Discussion: The results of this study suggested that the criteria/foundations for determining the rightness or wrongness of an action did not predict inclinations to forgive. Perhaps, once a behavior is judged wrong what determines the tendency to be involved in forgiveness is not the criteria of rightness or wrongness but, rather, relational factors. A second study is currently being conducted to test this possibility.
Terror Management Theory: Empirical consideration of the good, bad, and ugly
Authors: Bassett, R. L., Clark, N., Dalberth, R., Goetz, C. & Streb, E.
Abstract: Much of the work with Terror Management Theory has focused on the deleterious effects of mortality salience (MS). However, Vail et al. (2012) have argued that the trajectory of MS (for good or for bad) may hinge on the aspects of worldview or personal belief that are cognitively salient. This project tested the possibility that reading different scripture passages might alter the trajectory of MA.
Introduction: Given the self-awareness and capacity for abstract thought that has accompanied the development of the human brain, human beings have the ‘privilege’ of being able to anticipate that they will die. When you juxtapose that awareness with an instinct for self-preservation the result is typically death anxiety. At a conscious level, human beings are likely to deny that death will happen soon (“I come from good genetic stock!”) or respond with strategies to prolong life: “I will finally lose weight,” “I will get serious about exercise,” etc. However, when that anxiety drops out of conscious awareness Terror Management Theory (e. g. TMT, see Burke, Martens, & Faucher, 2010; Pyszczynski, Greenberg, & Solomon, 1999) predicts an array of interesting effects in regards to such things as evaluating moral transgressions, stereotyping, in-group bias, intergroup conflict, and conformity to personal and cultural standards.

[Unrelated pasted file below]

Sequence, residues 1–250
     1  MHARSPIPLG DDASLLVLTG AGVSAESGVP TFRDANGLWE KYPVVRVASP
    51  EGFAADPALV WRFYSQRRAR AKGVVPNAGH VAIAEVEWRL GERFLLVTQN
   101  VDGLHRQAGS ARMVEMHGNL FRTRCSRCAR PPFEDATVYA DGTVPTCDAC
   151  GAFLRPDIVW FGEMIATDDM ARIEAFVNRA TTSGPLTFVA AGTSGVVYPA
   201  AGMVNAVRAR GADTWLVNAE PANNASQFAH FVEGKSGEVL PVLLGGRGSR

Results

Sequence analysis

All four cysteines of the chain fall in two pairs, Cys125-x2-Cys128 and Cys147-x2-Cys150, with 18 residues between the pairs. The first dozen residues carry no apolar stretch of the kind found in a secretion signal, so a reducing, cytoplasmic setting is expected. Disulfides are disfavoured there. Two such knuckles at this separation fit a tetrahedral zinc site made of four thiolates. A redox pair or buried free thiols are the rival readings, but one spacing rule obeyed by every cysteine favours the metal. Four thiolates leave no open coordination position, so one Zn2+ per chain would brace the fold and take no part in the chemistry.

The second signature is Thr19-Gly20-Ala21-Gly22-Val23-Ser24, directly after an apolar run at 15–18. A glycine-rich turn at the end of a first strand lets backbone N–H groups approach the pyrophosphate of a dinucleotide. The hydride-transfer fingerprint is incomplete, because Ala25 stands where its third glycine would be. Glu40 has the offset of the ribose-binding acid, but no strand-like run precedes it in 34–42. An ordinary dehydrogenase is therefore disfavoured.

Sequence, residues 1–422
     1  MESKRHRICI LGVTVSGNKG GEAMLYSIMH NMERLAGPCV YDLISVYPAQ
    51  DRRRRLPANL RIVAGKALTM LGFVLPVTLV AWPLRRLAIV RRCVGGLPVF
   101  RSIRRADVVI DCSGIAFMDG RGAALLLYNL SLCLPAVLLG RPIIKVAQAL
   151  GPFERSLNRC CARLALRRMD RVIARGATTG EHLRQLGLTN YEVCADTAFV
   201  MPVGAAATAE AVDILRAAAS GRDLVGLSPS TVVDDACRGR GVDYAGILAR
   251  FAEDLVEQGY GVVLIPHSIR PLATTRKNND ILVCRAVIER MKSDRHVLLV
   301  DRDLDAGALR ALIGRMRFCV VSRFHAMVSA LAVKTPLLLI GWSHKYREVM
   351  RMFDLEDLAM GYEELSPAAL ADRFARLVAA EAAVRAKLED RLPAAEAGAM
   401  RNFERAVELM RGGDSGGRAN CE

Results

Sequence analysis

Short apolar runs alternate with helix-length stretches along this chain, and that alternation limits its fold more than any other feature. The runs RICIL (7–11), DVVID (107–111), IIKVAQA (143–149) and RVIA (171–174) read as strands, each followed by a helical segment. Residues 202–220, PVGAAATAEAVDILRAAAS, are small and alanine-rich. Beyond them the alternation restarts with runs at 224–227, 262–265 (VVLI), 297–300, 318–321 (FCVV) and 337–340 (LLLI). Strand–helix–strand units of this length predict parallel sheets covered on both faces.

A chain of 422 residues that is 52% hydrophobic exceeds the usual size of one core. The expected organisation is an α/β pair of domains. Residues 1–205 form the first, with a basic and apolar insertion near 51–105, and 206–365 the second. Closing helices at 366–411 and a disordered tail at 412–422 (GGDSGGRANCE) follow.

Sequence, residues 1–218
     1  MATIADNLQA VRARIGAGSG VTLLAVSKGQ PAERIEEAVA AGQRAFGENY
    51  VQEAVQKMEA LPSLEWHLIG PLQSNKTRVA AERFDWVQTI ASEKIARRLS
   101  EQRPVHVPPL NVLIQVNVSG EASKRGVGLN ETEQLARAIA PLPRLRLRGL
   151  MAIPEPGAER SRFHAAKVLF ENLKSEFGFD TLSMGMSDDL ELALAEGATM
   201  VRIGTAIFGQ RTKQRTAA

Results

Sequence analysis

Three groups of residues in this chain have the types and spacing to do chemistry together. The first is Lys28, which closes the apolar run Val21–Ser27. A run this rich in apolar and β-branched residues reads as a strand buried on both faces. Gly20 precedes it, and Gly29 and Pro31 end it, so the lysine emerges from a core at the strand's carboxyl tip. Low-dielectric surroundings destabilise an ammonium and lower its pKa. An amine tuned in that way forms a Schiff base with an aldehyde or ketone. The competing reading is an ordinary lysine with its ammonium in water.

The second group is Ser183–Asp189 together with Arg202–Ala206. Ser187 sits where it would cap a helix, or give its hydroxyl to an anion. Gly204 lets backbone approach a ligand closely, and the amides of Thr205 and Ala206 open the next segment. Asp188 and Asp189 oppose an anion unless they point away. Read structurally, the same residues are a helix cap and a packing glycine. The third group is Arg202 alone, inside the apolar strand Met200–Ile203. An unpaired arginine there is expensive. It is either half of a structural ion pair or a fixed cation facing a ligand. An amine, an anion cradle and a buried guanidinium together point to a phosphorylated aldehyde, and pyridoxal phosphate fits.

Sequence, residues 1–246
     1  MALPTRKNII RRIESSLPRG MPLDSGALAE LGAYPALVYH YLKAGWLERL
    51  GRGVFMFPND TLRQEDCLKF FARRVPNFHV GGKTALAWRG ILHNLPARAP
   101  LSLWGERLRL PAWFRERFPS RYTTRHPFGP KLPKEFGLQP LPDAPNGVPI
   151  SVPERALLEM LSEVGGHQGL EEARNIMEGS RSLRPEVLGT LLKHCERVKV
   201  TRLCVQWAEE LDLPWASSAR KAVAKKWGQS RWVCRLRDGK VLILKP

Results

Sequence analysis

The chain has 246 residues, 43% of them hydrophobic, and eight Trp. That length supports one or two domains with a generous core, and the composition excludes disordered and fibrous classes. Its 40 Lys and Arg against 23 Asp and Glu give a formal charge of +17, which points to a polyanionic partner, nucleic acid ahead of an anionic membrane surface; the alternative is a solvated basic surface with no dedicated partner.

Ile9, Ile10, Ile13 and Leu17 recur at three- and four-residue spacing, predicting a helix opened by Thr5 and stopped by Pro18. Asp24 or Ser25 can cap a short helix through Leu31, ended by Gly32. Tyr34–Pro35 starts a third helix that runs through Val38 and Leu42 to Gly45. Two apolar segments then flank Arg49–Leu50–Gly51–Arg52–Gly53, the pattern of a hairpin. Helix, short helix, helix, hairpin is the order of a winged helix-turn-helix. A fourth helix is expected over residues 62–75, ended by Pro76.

Essentially, this interesting array of effects encompasses nonconscious efforts to defend against death anxiety by literally or symbolically believing that some aspect of self will survive death (Burke, Martens, & Faucher, 2010). Literal survival involves belief in some form of afterlife (e.g., heaven). Symbolic survival involves anchoring your life in things that have lasting value. The implicit assumption behind symbolic survival is the notion that a life well-lived is more than just “smoke and spitting into the wind” (Ecclesiates 4:16, The Message). For most of us, a well-lived life is one that is invested in our belief system and our close relationships. Thus, TMT predicts that mortality salience (MS), at a nonconscious level, will cause individuals to exercise worldview defense by “hunkering down” in terms of what they believe and highlighting relationships with people they care about.
Although the bulk of the TMT literature has, to this point, mainly emphasized how thinking about death can have a deleterious effect upon persons and culture even within this literature there have been inklings that the outcome is not always bad. Vail, Juhl, Arndt, Vess, Routledge, and Rutjens (2012) have more fully developed this notion into a model that captures the bad and the good of thinking about death. As one aspect of this model, these authors essentially argue that the trajectory of mortality salience (for good or for bad) may hinge on the aspects of worldview or personal belief that are cognitively salient. If aspects of a worldview are condemning and judgmental, and those are cognitively salient, then the resulting worldview defense will produce intolerance and anti-social behavior. However, if the aspects of a worldview are caring and prosocial, then worldview defense may well produce tolerance, helping, and compassion.
Results: Compared PANAS scores using 2 x 2 independent groups ANOVA to confirm equivalent emotions immediately after control and MS primes. There were no significant differences. Manipulation checks for scripture filler tasks: Just World vs. Grace, Mercy, Compassion
Grace, Mercy, Compassion: Good Samaritan > Talent Parable (worked)
Just World: Good Samaritan = Talent Parable (didn’t work)